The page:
Speech/statement | Date: 02/11/2021 | Office of the Prime Minister
By Prime Minister Jonas Gahr Støre (COP26, Glasgow, Scotland)
Your Royal Highness, Presidents and Prime Ministers, ladies and gentlemen, there is progress being made here at COP 26.
We need to address the twin crises of climate change and nature loss at the same time.
I believe we can find solutions to both.
For my Government, climate and environmental considerations will be at the core of all policy:
We cannot solve the climate crisis without stopping tropical deforestation.
There is a win-win-situation we need to grasp here.
Deforestation leads to climate change, nature loss and human suffering.
Reducing deforestation is no easy task.
But it will have a triple positive effect: for people, for the climate and for nature.
Addressing deforestation requires tough decisions to regulate land-use and enforce legislation.
We need a just rural transition that benefits people, and it needs social equitable.
We are mobilising finance to support governments, indigenous peoples and local communities in protecting forests.
I was in government 15 years ago when this initiative started, and I am encouraged by the progress being made by many tropical forest countries.
And I am pleased to see new partnerships forming to support forest countries in their further efforts.
The joint public finance pledge we are making today is unprecedented.
But perhaps even more exciting is the LEAF Coalition’s breakthrough in mobilising private finance.
Some of the world's largest companies stand ready to reward tropical forest countries that reduce deforestation.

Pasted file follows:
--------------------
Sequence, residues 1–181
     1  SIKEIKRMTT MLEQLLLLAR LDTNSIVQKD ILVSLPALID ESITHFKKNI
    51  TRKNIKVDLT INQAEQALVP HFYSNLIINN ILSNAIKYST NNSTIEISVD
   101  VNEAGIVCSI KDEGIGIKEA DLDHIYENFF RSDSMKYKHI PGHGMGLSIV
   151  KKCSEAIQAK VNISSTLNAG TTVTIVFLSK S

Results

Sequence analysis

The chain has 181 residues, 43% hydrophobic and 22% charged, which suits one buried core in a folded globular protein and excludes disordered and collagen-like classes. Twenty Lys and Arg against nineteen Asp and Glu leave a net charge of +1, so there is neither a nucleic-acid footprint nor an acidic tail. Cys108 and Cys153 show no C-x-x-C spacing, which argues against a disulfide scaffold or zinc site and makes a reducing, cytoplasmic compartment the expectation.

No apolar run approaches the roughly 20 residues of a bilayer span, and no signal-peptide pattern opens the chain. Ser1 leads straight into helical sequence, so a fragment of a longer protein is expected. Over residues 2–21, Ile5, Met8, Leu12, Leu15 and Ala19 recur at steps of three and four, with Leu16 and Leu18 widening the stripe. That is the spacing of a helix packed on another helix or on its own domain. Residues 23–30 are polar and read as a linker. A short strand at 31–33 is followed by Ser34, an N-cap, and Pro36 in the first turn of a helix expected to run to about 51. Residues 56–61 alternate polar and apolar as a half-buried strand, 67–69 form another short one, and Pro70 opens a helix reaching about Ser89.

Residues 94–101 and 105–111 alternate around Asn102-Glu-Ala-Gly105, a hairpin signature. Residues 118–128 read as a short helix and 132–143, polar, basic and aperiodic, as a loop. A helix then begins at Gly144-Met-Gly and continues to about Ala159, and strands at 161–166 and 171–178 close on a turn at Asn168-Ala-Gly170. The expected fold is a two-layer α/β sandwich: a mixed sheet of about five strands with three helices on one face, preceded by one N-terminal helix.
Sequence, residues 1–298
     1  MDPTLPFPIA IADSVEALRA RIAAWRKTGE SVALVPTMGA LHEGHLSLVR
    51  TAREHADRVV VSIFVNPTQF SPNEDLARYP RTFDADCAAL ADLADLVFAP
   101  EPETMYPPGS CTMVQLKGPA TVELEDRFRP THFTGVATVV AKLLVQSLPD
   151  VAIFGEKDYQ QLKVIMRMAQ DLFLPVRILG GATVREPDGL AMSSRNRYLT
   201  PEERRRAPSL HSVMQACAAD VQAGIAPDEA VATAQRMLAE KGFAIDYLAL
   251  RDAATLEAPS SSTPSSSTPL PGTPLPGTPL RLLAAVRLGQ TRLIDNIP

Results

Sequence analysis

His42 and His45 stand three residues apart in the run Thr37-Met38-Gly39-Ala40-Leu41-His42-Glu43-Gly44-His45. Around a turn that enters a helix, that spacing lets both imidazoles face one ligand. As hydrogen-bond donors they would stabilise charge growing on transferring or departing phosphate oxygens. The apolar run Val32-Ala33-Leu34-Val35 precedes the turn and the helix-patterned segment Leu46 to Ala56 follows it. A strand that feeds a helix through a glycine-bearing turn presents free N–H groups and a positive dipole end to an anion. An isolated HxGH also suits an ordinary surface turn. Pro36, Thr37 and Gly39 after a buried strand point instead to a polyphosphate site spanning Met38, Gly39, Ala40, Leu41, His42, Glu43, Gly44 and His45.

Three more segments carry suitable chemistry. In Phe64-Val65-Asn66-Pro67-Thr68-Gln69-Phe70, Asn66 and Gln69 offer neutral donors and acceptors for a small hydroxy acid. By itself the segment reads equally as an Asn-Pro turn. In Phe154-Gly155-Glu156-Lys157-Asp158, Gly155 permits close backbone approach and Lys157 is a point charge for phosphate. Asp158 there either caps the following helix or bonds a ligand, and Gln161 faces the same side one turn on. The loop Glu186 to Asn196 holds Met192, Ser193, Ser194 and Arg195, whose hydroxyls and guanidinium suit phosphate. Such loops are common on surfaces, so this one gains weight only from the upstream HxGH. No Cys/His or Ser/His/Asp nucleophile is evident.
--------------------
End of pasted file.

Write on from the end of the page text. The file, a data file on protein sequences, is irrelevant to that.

The companies are doing this voluntarily, in addition to making deep cuts in their own emissions.
There is another win-win-situation.
This is, as we know it in the Nordic countries, public-private collaboration at its best.
With our partners, Norway is making high-resolution satellite imagery available to everyone, anywhere, for free.
This improves policy-making and helps hold companies accountable.
And it empowers indigenous peoples and local communities.
It strengthens the position of environmental defenders, who risk their lives for the sake of the forests.
I am encouraged by the new commitments from commodity traders to eliminate deforestation from their supply chains.
Many of the dots are now connected.
And I am glad to see that financial markets are incorporating forest-related financial risks in their investment decisions. This is an acknowledgement that climate risk is a financial risk, and must be managed as such.
We need data and transparency if markets are to reduce pressure on tropical forests.
To protect forests, we must empower the people who live in them.
This is in fact a matter of social justice.
The evidence shows that strengthening the rights of indigenous peoples reduces deforestation.
Only a fraction of indigenous communities have secure tenure rights.
This must change.
I commend the leadership shown by Costa Rica and other countries.
I have listened with interest to the vision presented by indigenous leaders here today, on stage and back-stage.
Norway is fully committed to supporting your efforts.
And I am honoured to announce a collective pledge of 1.7 billion US dollars to strengthen the rights of indigenous peoples.
The donor group is seeking to reinforce your role as guardians of forests and nature.
We will support national land and forest tenure reform processes.
And we will support indigenous governance structures and sustainable livelihoods.
This is in fact a matter of economics, politics - and deep down of ethics.
And it is a matter of keeping 1.5 degrees alive.